All last week we had thunder storms and varying amounts of rain. The whole garden is looking very different from last year. From Saturday the temperatures have risen and it is now hot (yesterday about 33°C). Continue reading
Actually not just on roses but on everything. For the last two nights it has rained and for a couple of hours during the day yesterday and most of the day today – I am very happy!
So when I went outside to take my photos for bloomday it was under the protection of an umbrella. It wasn’t raining too hard and it was so god to see and feel the rain; the umbrella was more to keep the camera dry. Today it is windy which isn’t so good, I want rain, soft and gentle to soak right into the soil. Temperatures yesterday and today haven’t risen above 20° C. It almost feels like winter, but it is so nice to feel cool; to go to bed and pull the sheet around me rather than throw it off in an attempt to be cool.
Next week the temperatures are set to rise again, but only during the day, at night it will be cool. Even during the day it should just be pleasantly warm to work outside.
All the blooms this month have raindrops on their petals, for some this makes them even more beautiful.
To see what else is flowering in My Hesperides Garden in mid September, please click on the image below.
To enjoy what’s flowering in gardens around the world, some just entering spring and others beginning to look autumnal, visit Carol at May Dreams Garden,
This is a very late post but I wanted to participate if only for my own records, I find this meme, hosted by Helen, the Patient Gardener, one of the most useful meme’s of the month. It helps me see the progress in the garden and what still needs to be done to truly create my Hesperides garden.
From when I began work on the slope by the drive I have concentrated most of these posts on this area. It has filled out well and has surpassed by hopes for it to become one of my favourite parts of the garden. Almost everything is from self-seeded plants moved from other parts of the garden. It is not irrigated and in fact would be very difficult to do so because water just runs off the, in places, very steep slope.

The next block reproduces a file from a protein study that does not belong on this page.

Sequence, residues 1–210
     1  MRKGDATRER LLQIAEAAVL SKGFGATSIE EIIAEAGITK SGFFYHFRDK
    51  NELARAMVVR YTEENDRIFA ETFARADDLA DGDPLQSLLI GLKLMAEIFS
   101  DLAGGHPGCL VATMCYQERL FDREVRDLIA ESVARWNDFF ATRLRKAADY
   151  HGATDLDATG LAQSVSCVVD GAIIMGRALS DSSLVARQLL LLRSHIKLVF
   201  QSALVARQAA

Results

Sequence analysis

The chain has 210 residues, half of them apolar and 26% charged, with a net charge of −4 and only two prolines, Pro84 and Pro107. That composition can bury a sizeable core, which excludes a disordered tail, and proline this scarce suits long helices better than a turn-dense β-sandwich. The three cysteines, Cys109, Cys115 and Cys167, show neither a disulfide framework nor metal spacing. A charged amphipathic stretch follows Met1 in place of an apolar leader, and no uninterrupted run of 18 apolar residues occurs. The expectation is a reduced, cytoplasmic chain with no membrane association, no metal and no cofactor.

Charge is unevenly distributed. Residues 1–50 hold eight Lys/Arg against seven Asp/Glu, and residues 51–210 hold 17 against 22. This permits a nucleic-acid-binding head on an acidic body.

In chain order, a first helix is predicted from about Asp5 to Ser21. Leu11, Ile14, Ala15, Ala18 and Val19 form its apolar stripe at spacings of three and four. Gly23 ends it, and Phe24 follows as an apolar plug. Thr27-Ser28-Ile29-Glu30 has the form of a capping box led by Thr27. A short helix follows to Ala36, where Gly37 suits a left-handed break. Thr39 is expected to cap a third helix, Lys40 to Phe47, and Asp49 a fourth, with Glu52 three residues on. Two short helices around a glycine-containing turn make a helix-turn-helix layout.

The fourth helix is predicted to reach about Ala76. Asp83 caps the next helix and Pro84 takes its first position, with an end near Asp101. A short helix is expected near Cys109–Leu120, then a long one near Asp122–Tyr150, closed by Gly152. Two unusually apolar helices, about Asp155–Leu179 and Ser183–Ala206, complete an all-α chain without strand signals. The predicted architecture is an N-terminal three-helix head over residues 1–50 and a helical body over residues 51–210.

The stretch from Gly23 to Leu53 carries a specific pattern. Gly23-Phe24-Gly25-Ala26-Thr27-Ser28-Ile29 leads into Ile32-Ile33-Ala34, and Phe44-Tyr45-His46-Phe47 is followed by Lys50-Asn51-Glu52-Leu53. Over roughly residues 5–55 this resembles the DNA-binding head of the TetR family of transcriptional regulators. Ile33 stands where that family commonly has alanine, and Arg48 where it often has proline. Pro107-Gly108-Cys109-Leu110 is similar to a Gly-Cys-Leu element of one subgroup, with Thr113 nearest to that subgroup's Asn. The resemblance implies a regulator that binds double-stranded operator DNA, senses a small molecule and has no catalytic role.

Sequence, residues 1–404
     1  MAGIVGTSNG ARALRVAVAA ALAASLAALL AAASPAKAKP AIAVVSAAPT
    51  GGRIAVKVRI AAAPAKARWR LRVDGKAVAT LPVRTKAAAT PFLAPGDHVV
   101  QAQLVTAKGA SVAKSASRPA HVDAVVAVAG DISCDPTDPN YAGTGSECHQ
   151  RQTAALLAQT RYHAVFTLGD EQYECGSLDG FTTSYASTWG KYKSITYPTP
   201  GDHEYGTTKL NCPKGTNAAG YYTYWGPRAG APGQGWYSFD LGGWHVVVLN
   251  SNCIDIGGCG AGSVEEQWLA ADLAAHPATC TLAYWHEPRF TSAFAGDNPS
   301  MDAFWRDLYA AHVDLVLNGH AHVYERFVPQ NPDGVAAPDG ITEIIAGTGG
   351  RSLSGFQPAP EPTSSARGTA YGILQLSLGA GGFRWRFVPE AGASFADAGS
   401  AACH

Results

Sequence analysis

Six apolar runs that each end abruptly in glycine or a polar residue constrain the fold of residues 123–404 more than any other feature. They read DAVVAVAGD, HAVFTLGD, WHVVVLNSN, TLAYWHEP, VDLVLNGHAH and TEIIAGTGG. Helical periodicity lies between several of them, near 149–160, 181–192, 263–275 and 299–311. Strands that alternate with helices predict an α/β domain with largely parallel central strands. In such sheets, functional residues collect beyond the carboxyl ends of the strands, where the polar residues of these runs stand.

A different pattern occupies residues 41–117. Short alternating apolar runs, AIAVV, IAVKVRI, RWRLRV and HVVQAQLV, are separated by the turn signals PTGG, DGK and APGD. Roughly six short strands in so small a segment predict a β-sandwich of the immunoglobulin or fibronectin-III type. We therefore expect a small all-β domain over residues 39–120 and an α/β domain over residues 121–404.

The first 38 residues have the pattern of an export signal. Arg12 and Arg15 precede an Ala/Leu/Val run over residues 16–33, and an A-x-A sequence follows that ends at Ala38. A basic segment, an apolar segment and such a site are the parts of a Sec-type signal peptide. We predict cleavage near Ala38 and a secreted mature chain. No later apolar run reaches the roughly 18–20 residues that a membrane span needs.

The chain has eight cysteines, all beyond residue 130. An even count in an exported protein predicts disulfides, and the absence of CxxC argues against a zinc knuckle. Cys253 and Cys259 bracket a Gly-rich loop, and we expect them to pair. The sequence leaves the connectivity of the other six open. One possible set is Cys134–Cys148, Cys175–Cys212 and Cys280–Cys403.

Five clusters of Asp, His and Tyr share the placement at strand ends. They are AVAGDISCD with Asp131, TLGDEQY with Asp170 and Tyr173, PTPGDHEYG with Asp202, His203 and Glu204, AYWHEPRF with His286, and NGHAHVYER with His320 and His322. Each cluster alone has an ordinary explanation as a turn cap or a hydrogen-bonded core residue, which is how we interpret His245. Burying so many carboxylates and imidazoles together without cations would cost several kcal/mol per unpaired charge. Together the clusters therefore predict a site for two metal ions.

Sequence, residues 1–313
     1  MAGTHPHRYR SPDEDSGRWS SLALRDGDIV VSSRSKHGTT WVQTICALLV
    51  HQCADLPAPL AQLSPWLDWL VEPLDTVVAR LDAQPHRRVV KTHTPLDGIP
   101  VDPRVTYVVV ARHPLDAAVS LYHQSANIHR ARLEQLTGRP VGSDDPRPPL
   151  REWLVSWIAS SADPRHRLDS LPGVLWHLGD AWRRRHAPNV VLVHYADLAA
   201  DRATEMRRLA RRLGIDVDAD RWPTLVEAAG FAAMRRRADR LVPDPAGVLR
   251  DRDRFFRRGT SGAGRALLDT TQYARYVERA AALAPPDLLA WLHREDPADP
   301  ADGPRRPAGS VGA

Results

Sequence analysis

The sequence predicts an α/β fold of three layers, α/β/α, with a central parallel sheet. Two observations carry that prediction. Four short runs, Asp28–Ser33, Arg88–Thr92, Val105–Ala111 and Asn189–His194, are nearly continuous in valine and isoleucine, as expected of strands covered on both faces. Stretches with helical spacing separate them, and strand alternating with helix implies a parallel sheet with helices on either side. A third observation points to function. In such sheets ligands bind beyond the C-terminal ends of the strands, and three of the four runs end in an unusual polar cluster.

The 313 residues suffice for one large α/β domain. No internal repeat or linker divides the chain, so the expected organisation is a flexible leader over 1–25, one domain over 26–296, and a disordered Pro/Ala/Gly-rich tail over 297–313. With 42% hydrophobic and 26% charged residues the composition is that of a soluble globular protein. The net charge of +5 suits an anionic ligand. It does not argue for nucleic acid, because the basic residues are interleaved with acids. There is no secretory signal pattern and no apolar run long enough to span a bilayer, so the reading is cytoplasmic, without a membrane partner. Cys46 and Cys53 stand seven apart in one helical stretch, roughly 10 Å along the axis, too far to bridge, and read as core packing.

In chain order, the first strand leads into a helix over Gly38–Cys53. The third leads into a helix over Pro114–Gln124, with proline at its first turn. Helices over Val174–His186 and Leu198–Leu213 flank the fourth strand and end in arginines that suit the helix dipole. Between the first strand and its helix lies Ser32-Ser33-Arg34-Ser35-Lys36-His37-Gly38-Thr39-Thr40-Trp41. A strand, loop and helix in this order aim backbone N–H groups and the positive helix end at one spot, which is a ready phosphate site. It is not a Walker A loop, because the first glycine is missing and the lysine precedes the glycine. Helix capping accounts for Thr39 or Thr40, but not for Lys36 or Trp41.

Here are two images of how the area looked in October 2009.
For this post I want to show some images of how full of interesting foliage and colourful flowers the slope has become.
The lower area edges the drive and at the top becomes part of a border that sweeps round and into a path that forms the large and small islands. The part abutting this path I call the upper slope and will be showing this separately at some other time; the two areas are separated by windbreak planting of bush Quercia ilex, Arbutus and other shrubs which are included to protect the rest of the garden from the desiccating summer wind that blows in from the coast almost every afternoon.
At the end of last month nothing was happening in the garden or with me. In fact I was feeling down – illogically really because winter has been very short, intense but short. This week we’ve had warm sunny days and also days when the wind is so cold and so strong it was bending the trees in half.
The snow has all melted and with the warm sun much is growing; I found that Iris unguicularis has flowered for the first time – I know that they don’t like being disturbed but I had hoped for flowers last year – so far there is one bloom, I hope there will be more. They are planted under Rosa mutabilis and I would really like to move them to a better position but it would be sad to lose the flowers for another couple of years.